The Real Reason Some Wild Animals Are Euthanized While Others Are Not

Plenty of folks are used to the nuisances caused by wildlife. We're thinking black bears in the backyard, raccoons or crows in the trash, critters under the car or deck, and so on. Most of these cases happen near natural habitats, not in city centers. So what if things escalate from annoying to dangerous? Is it ever ok to remorselessly gun down a wild animal if it happens to get lost or hungry? 

These are the kinds of questions facing wildlife conservationists, many of whom have come under fire themselves for being too willing to annihilate wildlife in order to control populations, maintain pristine ecosystems, or ward away invasive species, as the Atlantic describes. Our response to wildlife incursions is complicated, especially because ecosystems change naturally over a long period of time as species intermingle and climate changes. There's also no such thing as a habitat undisturbed by human behavior. But even human encroachment, some could argue, is "natural" because we're just another lifeform on Earth.

Some animals, like moose, are too big to quickly go down with a tranquilizer, as Yahoo News cites, so they might be shot before they hurt anyone. Other animals like grizzly bears, per News Channel 11, have too much destructive power and can't be trusted during capture and relocation. And sometimes, per Cornell University, contact with humans is more dangerous for the animal than for us. In the end, each instance requires a case-by-case assessment and needs to be handled with care.   

The dangers of habituation

It would be lovely to be able to protect all the animals and plants across the world all the time. Sadly, the reality is not so kind. As Cornell University says, no wildlife professional wants to euthanize an animal. After all, a wildlife professional probably went into their career because they love the natural world. And what's their best advice to the general public for how to protect wildlife from being euthanized? Stay away — 100% of the time. Do not get close to the bison, do not take selfies with the fox, and do not feed the deer. Do not make them used to people, i.e., habituate them. Just go walk your bored dog instead.

In all cases, exposure to humans increases the likelihood of euthanasia. Think about it this way: a raccoon gets your food once, you think it's adorable with its little hands, you leave out more food — food that it can never find in the forest, by the way — and eventually, it's coming all the time. The next time it might bring rabies or go bananas because, you know, it's wild. Then it has to be killed. Same goes for bears. News Channel 11 has a big chart depicting how bears get habituated, which leads to bold behavior that necessitates euthanasia. And if an animal like a deer wanders nearby because it wants food, gets hit by a car but doesn't die, it'll probably have to be put down.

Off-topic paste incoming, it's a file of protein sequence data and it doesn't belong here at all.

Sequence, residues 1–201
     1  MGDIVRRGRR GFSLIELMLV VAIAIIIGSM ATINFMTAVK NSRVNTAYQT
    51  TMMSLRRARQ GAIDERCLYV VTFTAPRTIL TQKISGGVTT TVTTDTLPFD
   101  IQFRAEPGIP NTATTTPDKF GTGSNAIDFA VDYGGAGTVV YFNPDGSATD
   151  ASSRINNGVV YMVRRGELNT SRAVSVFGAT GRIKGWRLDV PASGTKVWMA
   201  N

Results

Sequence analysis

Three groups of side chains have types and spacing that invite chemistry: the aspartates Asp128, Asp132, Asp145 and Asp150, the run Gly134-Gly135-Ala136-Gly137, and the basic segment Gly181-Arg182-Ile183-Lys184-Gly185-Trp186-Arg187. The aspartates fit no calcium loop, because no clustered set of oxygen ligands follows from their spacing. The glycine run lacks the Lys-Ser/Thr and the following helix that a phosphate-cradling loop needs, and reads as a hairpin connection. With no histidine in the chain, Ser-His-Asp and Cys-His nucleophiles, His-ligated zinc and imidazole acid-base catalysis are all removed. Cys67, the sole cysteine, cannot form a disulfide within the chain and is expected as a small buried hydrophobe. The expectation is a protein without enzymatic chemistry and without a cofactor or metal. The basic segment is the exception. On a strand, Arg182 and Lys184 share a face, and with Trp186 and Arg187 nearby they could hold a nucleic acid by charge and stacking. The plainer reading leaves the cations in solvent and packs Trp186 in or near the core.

The dangers of translocation

Sometimes animals pose a risk to people regardless of people's involvement, it's true. If a bear rages at you — even if you're strolling in its turf along a hiking trail — options become limited. This was the case of a moose euthanized after being found wandering around Bradley Airport in Connecticut. Emergency Essentials says that moose are generally peaceful, but can become aggressive if stressed. And related to what we said earlier, moose can also become aggressive if you feed them and don't give as much as they want.

The U.S. Department of Agriculture has some clear and strict guidelines for how to deal with wildlife that might pose a threat. In the end, there are really only two options: trap and move them (translocation) or kill them. Translocation, however, is actually illegal in many states, so there might not be any choice but to euthanize. Disease is of special concern, particularly after contact with people. It's generally "not a biologically sound practice" to translocate an animal. 

Then there are liability and legal issues, both from property encroachment and physical injury if trying to capture and move an animal, especially in a country as litigious as the U.S. Also, the stress of translocation — which could never be explained to an animal — might ruin an animal for life and make them unable to survive when back in the wild. Ultimately, like with many things, prevention is the best strategy. Stay away as much as you can.